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Careless Congress

Lawmakers passed a detainee law of doubtful constitutionality. Now they expect the courts to clean it up.

November 03, 2006

THE BUSH administration has fared miserably with the U.S. Supreme Court when it comes to its more controversial post-Sept. 11 initiatives. That losing streak could be extended now that lawyers for detainees at Guantanamo Bay in Cuba have taken aim at the new Military Commissions Act, which purports to prevent their clients from filing habeas corpus petitions.

If the high court again rules against the administration, President Bush will have himself to blame for obstinately refusing to afford detainees the protection of the Great Writ. But blame also will fall on members of Congress who knew better than to sign off on such flawed legislation. Among them is Sen. Arlen Specter (R-Pa.), the Senate's purported constitutional conscience.

Congress rushed through the Military Commissions Act before its election break in response to the Supreme Court's June ruling that Bush exceeded his authority by establishing military tribunals without congressional authorization. The court also rejected the administration's argument that it lacked jurisdiction to decide that issue.

In separate 2004 cases, the justices held that both U.S. citizens and foreigners detained at Guantanamo could challenge their confinement. Given that history, Specter warned that another judicial rebuke was coming if the Senate barred habeas corpus appeals.

"Surely as we are standing here, if this bill is passed and habeas corpus is stricken, we'll be back on this floor again," Specter said.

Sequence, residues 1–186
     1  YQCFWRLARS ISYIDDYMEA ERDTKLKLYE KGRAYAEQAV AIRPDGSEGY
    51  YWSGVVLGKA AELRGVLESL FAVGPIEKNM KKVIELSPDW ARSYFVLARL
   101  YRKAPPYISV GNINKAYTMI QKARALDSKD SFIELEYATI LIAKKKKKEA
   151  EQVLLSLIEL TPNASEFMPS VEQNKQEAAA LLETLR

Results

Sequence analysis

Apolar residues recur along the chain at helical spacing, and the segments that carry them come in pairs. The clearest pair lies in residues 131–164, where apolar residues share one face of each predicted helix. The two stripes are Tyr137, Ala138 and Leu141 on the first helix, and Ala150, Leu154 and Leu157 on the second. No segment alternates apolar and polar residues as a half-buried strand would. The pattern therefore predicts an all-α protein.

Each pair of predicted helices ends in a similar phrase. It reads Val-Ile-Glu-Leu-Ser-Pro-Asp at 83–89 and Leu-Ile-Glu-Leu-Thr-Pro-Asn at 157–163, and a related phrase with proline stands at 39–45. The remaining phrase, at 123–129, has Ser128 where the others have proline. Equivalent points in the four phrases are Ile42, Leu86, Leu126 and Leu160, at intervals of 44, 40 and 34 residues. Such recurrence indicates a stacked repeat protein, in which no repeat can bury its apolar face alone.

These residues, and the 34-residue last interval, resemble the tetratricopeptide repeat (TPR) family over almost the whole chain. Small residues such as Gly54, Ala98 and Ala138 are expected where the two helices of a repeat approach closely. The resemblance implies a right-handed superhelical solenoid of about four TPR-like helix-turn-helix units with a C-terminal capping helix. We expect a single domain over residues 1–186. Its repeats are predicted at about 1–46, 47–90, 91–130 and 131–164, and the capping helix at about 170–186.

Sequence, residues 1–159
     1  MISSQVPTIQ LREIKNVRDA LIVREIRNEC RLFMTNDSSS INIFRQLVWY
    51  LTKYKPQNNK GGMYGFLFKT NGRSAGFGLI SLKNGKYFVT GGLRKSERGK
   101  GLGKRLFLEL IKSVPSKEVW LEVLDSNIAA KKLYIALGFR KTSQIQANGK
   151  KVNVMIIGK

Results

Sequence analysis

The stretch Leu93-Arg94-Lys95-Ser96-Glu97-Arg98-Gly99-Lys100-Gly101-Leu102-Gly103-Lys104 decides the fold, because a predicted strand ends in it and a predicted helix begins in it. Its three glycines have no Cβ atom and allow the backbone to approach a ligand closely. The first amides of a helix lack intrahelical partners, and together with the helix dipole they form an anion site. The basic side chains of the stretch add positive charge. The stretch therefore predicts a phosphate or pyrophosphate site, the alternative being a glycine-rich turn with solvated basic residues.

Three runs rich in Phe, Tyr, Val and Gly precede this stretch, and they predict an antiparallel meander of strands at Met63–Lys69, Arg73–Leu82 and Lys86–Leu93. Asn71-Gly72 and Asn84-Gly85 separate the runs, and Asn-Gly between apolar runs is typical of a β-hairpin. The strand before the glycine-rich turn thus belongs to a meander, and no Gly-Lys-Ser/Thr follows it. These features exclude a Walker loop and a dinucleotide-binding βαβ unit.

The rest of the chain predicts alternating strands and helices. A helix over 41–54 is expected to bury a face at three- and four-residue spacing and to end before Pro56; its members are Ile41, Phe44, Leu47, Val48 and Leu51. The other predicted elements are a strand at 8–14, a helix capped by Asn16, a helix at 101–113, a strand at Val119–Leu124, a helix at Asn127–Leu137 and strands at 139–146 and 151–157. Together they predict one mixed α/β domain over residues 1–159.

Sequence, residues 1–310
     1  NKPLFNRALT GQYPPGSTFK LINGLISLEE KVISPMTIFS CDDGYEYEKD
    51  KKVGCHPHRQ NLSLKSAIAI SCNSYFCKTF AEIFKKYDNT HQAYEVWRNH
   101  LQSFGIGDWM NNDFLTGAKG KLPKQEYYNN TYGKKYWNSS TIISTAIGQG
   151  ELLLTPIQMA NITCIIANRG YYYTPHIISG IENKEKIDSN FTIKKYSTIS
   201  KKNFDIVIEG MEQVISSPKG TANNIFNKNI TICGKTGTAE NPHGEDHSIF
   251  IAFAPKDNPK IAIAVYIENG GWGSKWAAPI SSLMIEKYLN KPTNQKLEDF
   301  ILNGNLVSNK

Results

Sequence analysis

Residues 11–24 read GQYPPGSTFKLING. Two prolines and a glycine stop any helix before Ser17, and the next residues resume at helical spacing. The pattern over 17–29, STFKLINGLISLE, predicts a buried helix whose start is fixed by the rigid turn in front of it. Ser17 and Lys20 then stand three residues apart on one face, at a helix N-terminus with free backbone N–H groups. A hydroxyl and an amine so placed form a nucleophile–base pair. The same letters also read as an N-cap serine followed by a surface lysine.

Yet after his habeas corpus amendment was shot down, Specter and 13 other supporters voted for the flawed Military Commissions Act. Specter implied that it was all right for Congress to ignore the Constitution because the high court would "clean it up" on appeal.

On Wednesday, that clean-up process began when lawyers for some of the hundreds of Guantanamo detainees with pending habeas complaints asked a U.S. court of appeals to allow their clients to continue challenging their imprisonment, despite the Military Commissions Act.

Echoing one of Specter's arguments, the lawyers noted that the Constitution allows Congress to suspend habeas corpus only in "cases of rebellion or invasion." Serious as the terrorism threat may be, it is neither an invasion nor a rebellion.

The appeals court has a choice: either declare the Military Commissions Act unconstitutional or interpret it in a way that doesn't jeopardize pending habeas actions. Either way, the Supreme Court likely will be asked to resolve the issue.

Even if Specter and other supporters of the Great Writ had voted against the Military Commissions Act, it probably would have passed. But the margin would have been narrower if they had been less willing to punt the question of whether the legislation violates the Constitution.

During John G. Roberts Jr.'s confirmation hearings, Specter complained that the high court had appointed itself Congress' "taskmaster." Roberts replied: "I don't think the court should be a taskmaster for Congress. The Constitution is the court's taskmaster, and Congress' as well."

If Congress took its responsibilities to uphold the Constitution more seriously, there would be fewer problems for Chief Justice Roberts and his colleagues to "clean up."

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